Lizzy's Animal Hospice


Helpful articles

9 sweet reminders why you should adopt a senior pet
Behavioral Changes in Older Dogs
Home Care Tips-Canine Cancer Awareness


Here is a great article about Lizzy's Animal Hospice that you should read! Click HERE

Though Lizzy's Animal Hospice is not able to take in every companion animal they are contacted about, there are other options. If you are considering taking your senior and/or terminally ill companion animal to the shelter, here are some other options
to consider.
The reason we discourage shelters is because most consider seniors "unadoptable" and will dispose of them quickly (including a "no kill" shelter). A Humane Society is typically not a shelter - it is a rescue and can choose what animals are brought into their program.

Local Rescues There is a rescue for practically every breed, and mixed breed of companion animal. Some rescues are beginning to take older companion animals into their programs. There are rescues specifically for seniors and websites that allow you to add your senior to try to find a new home. All of these websites can be found through Internet searches.

Craigslist Always require an adoption application be submitted, do a home visit before placing the pet, and require at least a $100 adoption fee. If they are not agreeable to do any of these things, move on to the next family/person. We are more than happy to provide an adoption application and adoption contract for you. Just email us at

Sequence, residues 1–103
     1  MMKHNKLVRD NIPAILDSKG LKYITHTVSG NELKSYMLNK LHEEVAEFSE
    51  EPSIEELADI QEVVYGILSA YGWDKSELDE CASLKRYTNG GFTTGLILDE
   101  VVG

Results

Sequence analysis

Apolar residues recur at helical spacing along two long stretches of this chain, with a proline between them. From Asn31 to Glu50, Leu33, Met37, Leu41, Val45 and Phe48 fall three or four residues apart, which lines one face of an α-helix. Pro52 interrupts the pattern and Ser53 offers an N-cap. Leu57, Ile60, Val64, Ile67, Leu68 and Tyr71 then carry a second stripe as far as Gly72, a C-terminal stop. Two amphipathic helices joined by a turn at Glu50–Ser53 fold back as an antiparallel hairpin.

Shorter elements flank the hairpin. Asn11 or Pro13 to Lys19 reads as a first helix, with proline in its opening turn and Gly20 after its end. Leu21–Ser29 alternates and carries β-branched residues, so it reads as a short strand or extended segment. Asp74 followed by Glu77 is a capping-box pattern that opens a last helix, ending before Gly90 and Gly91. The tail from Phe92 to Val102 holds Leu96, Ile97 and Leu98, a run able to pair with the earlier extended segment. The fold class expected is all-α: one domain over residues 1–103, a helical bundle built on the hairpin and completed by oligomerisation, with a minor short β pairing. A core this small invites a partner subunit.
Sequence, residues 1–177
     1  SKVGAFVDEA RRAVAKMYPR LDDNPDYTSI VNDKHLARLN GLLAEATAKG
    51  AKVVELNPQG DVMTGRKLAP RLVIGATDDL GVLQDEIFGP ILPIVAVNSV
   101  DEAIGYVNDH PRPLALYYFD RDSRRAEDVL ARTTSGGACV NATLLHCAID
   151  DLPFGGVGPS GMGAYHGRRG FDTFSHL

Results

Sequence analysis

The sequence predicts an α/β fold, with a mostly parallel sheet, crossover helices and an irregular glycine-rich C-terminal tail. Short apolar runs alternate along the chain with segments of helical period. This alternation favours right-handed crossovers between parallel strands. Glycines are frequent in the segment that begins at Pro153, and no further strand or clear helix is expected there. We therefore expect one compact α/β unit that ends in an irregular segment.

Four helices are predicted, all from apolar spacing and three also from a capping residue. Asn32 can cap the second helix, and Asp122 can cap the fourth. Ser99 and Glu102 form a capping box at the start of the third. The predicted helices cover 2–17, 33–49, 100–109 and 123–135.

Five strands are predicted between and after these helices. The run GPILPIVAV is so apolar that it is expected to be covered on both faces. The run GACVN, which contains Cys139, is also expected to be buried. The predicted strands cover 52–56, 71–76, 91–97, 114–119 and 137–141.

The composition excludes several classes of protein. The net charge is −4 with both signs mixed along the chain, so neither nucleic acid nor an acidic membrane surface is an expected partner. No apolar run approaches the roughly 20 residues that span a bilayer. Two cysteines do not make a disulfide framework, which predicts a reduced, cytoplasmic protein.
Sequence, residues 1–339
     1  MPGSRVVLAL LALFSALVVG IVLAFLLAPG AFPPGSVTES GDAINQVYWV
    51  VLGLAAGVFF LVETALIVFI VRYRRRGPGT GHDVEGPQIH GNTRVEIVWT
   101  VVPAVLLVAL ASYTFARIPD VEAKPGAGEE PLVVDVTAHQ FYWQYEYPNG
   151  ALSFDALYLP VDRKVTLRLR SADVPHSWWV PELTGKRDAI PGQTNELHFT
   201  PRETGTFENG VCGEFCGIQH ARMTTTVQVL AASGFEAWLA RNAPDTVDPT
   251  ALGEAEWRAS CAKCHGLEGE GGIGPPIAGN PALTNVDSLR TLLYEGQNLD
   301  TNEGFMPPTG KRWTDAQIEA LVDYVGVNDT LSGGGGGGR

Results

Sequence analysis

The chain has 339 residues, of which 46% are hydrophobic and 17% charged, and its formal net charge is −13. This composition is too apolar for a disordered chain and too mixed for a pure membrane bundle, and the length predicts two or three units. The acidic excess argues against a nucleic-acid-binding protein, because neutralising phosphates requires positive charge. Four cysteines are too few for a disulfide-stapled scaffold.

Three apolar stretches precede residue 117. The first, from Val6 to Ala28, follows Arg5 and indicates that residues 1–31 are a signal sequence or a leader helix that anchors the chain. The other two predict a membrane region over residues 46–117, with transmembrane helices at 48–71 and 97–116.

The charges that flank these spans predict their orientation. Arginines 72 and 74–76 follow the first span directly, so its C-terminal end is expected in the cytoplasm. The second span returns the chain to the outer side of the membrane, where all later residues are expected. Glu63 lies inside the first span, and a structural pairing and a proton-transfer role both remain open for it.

Caution If your companion animal has behavior issues due to illness and/or age or personality, be sure the new family is aware of the issues and it is mentioned in the adoption contract. If you do not tell them (or if you do not get it in writing that they understand the problems), the liability will be yours if anything happens - and you may be sued, including if having a seizure s/he bites someone trying to help.

Humane Ending This is an option to consider for an older/terminally ill companion animal or an animal with unworkable behavior issues. If you choose this option, please stay with them until the very end. If you are the one who says "I already said my good byes, so I just took him to the vet and dropped him off because it would be so sad," please reconsider since it is not about you. It is about your dog, how he devoted his life to you for all of those years, and you being there is what he needs from you, and what s/he deserves. Remember to be calm and positive in appearance during this process because if you're nervous, they'll be nervous. This can be done in your home or in your vet's office. If your vet refuses to help you or suggests more tests, etc., call around to other veterinarians. It is not fair for them to not help you when you have made a very difficult decision and have come to terms with what is best.

back to top